Johnson & Johnson's new blood cancer drug Imbruvica (ibrutinib) is on a roll. The FDA just armed the drug with a new indication in chronic lymphocytic leukemia, adding to a series of regulatory nods.
Three Big Pharma companies have helped come up with some seed money to start growing the first crop of biotechs in New York. Pfizer, Eli Lilly and J&J all chipped in to a $51 million fund from Accelerator Corp., which will now expand on the work it's been doing in Seattle to the East Side of Manhattan, recruiting upstarts to join investigators at the Alexandria Center for Life Science.
For William Strohl, the new head of Janssen's Biotechnology Center of Excellence, the future of drug R&D involves novel targets, "fit-for-purpose" antibodies and lots of collaborations.
A Johnson & Johnson exercise in creative problem solving has paid off for doctors and patients who rely on its ovarian cancer drug Doxil, availability of which has been uncertain for years. Its Janssen unit has accumulated a significant supply after assuming manufacturing at Boehringer Ingelheim plant that otherwise was closed down at the end of the year.
Gilead Sciences, which this week got FDA approval for its new blood cancer drug Zydelig (idelalisib), has now gotten a recommendation for its use in Europe. But competitor Imbruvica from Johnson & Johnson, which got a head start in the U.S., also received a nod from EU authorities today.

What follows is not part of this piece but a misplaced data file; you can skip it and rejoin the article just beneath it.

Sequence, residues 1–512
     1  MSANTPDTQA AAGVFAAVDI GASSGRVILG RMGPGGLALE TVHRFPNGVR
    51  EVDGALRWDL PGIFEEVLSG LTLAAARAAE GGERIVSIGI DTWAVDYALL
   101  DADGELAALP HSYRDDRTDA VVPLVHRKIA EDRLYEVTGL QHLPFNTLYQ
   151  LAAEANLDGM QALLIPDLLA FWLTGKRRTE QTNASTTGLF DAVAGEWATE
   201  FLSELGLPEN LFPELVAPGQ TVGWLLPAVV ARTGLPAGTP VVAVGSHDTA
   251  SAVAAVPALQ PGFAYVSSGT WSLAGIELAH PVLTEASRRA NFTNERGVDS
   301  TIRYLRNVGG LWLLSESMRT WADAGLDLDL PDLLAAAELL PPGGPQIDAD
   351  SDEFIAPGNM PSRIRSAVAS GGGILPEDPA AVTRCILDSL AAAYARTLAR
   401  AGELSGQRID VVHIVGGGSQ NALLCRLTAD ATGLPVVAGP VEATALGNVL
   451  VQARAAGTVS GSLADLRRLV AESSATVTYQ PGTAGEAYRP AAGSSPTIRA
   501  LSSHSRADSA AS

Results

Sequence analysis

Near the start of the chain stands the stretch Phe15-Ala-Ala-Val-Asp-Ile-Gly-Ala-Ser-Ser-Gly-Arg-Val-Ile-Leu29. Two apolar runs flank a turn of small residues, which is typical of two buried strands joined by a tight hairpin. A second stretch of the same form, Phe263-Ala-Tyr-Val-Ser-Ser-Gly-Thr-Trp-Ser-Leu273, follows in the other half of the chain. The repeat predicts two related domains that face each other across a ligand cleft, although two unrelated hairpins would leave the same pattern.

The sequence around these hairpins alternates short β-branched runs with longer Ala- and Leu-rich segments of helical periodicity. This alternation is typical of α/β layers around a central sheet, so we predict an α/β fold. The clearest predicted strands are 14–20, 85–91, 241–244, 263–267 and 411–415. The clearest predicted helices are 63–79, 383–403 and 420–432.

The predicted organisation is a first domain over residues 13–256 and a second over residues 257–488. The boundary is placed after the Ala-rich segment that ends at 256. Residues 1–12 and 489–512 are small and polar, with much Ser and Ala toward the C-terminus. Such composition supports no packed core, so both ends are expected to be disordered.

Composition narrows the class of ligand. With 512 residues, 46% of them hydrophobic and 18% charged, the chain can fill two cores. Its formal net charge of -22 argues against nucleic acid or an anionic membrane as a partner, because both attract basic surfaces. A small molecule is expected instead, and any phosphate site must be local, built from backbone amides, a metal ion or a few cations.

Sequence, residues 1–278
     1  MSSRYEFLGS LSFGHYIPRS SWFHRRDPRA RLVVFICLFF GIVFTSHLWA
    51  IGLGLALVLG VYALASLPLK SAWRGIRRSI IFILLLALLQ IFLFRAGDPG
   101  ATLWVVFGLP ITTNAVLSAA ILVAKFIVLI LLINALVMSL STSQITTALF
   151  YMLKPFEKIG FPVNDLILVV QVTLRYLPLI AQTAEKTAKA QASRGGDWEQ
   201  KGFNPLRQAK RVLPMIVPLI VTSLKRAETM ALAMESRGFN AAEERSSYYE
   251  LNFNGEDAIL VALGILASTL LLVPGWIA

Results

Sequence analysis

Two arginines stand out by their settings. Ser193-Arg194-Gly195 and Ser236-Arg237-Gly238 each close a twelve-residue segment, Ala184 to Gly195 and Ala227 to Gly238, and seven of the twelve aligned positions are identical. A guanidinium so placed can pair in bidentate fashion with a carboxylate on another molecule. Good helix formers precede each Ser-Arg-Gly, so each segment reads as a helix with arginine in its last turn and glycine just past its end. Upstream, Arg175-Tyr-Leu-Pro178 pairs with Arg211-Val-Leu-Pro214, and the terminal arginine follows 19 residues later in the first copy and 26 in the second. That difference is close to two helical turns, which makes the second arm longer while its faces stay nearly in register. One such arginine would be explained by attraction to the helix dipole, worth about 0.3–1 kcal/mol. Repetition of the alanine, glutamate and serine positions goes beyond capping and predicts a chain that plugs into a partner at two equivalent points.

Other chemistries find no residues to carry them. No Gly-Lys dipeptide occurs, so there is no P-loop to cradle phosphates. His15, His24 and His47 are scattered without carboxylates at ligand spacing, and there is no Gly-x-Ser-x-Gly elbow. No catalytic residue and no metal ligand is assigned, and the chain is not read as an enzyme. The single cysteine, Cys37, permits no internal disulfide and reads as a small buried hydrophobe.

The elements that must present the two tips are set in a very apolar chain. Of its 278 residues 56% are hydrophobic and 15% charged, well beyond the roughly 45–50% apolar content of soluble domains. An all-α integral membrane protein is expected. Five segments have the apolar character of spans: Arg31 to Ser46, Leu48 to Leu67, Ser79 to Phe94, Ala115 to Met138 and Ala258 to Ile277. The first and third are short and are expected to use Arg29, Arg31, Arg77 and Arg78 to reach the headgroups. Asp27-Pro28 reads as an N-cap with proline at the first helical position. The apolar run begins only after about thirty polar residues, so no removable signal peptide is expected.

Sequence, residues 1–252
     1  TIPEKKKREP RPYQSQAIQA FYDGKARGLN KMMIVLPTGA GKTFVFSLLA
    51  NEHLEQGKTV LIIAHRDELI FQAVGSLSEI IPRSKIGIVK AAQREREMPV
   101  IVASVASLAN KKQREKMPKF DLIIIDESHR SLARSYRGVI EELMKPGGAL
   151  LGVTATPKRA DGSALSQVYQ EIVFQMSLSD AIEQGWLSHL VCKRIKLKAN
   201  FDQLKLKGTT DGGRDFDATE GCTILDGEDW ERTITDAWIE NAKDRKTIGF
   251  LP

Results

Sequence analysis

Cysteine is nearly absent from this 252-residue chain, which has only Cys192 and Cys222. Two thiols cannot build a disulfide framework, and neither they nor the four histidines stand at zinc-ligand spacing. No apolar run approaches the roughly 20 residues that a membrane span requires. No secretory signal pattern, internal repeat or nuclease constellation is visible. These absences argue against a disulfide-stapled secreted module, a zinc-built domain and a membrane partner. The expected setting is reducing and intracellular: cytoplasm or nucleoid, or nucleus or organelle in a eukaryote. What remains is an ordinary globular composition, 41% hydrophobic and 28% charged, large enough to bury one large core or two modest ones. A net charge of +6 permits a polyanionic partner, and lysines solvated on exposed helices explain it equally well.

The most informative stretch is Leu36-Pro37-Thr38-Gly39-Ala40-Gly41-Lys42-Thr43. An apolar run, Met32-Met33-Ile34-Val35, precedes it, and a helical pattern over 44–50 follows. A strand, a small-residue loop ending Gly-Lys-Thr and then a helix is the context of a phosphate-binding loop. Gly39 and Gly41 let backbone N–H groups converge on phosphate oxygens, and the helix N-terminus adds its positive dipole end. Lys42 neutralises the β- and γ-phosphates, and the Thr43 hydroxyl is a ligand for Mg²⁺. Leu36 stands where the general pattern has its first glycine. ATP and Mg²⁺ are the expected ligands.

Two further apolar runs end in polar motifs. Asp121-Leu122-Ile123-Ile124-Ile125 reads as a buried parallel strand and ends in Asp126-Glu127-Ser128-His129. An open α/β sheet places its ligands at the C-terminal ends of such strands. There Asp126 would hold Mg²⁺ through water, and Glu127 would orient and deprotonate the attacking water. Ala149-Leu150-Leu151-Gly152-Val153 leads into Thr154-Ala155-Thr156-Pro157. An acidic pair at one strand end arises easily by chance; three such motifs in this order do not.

St. Jude Medical is hoping to strengthen its franchise in ablation catheters--thin, flexible wires inserted non-surgically into the heart to treat cardiac arrhythmia. Its FlexAbility irrigated ablation catheter has garnered a CE Mark in Europe, where it has marketed the TactiCath contact-force sensing irrigated ablation catheter since 2012. The company hopes to get FDA approval by year end for both FlexAbility and TactiCath.
GlaxoSmithKline and Johnson & Johnson, which control most of the needed supplies for the industry, want authorities to approve genetic engineering so opium farming can be both expanded and made less susceptible to pests and so they can assure their customers they can keep up with demand.
Johnson & Johnson has managed a turnaround in its McNeil Consumer Health division by producing products like Tylenol and Motrin at facilities other than its still-closed Fort Washington, PA, plant and getting them back on retailer's shelves.
For years Johnson & Johnson's consumer unit was an embarrassment to CEO Alex Gorsky. Instead of being able to point to its contribution to quarterly results, he instead found himself explaining recalls of key products like Tylenol and the unit's drag on earnings. But a turnaround is at hand, with the unit turning in 2.4% growth in sales in Q2, driven by a 9% increase in over-the-counter drugs.
After J&J unveiled street-beating Q2 results yesterday, fueled in part by Olysio's $831 million in sales for the quarter, its stock price actually dropped. Investors figure Olysio's money-minting capabilities won't last, not with competitors racing toward launch themselves.